Google Won’t Snoop On Your Private Emails For Showing Personalised Ads
Since its inception in 2004, Gmail has been criticised for scanning personal user emails to show personalised ads. The free service had been subjected to constant dispute on scanning user emails. However, with the recent change of events, Google is finally reforming its behaviour and refraining from scanning user emails in the consumer version of Gmail.
This does not mean that Gmail won't show any ads on mobile and the web, but they won't look like before to Gmail users. Google has come up with this decision to bring the consumer version of Gmail in line with the ad-free G Suite equivalent. The consumer version of Gmail will now follow the same ad behaviour as other Google products.
In its blog post, Google writes:
The value of Gmail is tremendous, both for G Suite users and for users of our free consumer Gmail service. Gmail is the world’s preeminent email provider with more than 1.2 billion users. No other email service protects its users from spam, hacking, and phishing as successfully as Gmail. By indicating possible email responses, Gmail features like Smart Reply make emailing easier, faster and more efficient. Gmail add-ons will enable features like payments and invoicing directly within Gmail, further revolutionizing what can be accomplished in email.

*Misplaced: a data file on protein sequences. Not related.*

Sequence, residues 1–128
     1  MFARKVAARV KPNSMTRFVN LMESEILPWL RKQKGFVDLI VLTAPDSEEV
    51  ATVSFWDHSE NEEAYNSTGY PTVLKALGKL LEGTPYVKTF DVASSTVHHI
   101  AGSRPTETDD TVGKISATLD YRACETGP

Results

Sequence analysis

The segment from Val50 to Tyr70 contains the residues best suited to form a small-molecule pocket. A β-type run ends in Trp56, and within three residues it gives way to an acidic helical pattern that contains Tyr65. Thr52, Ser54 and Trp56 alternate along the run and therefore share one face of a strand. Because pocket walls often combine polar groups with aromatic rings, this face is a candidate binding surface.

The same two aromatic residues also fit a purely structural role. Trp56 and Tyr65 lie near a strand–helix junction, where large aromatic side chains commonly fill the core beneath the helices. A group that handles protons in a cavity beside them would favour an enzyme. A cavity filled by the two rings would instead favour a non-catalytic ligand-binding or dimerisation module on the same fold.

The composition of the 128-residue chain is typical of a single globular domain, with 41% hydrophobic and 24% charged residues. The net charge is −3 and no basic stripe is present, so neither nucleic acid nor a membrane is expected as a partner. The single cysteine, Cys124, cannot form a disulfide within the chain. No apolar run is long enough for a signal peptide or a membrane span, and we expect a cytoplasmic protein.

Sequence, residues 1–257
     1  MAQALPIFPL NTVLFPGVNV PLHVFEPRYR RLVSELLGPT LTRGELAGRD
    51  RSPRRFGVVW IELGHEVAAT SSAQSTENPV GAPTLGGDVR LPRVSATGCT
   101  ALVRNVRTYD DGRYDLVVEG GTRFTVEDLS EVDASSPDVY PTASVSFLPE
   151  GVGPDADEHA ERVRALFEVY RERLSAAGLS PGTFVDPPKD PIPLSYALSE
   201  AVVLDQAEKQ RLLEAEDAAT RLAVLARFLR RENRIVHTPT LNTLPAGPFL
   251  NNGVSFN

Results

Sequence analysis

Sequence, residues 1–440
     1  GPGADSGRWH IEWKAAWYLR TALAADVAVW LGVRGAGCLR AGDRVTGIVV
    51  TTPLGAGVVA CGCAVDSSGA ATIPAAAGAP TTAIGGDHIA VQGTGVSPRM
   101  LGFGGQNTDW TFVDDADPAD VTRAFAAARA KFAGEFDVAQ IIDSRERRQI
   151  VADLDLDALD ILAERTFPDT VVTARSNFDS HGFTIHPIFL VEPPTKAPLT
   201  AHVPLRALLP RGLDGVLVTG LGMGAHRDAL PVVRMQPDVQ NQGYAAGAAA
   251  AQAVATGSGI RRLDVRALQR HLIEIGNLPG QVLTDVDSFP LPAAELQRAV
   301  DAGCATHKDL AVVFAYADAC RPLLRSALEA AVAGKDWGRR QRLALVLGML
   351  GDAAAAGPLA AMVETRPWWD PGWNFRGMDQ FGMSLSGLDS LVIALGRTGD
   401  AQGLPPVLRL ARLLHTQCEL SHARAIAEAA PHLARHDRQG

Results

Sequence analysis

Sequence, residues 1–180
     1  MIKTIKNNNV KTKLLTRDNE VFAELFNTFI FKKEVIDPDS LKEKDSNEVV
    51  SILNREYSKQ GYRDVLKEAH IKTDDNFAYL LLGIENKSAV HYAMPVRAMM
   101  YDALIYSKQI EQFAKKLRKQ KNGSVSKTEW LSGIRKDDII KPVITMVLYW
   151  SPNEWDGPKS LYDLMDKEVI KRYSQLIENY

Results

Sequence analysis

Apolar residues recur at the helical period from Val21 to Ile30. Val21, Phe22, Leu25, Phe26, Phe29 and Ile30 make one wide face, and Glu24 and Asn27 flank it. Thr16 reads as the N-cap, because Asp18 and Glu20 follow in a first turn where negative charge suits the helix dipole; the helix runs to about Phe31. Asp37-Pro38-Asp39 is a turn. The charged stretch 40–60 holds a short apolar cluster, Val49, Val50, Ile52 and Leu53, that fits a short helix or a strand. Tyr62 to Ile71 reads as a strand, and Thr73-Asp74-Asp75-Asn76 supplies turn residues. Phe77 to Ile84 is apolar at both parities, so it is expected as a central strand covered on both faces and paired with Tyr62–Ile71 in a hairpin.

G Suite customers and free consumer Gmail users can remain confident that Google will keep privacy and security paramount as we continue to innovate. As ever, users can control the information they share with Google at myaccount.google.com.
Err.. you might still see ads based on browsing history
In the past, Google repeatedly swore by Gmail's security and privacy features and with this move, Gmail will become more secure without the intrusion of personalised ads.
Interestingly, you might still see personalised ads but that will be based on browsing data, not personal emails. In the blog post, Google also reminds users that they can stop ad personalisation completely, across all Google products.
To recall, Google has faced many lawsuits in the past few years. The latest one was filed in 2016, which forced Google to come up with a voluntary settlement that overhauls its ad scanning system functions.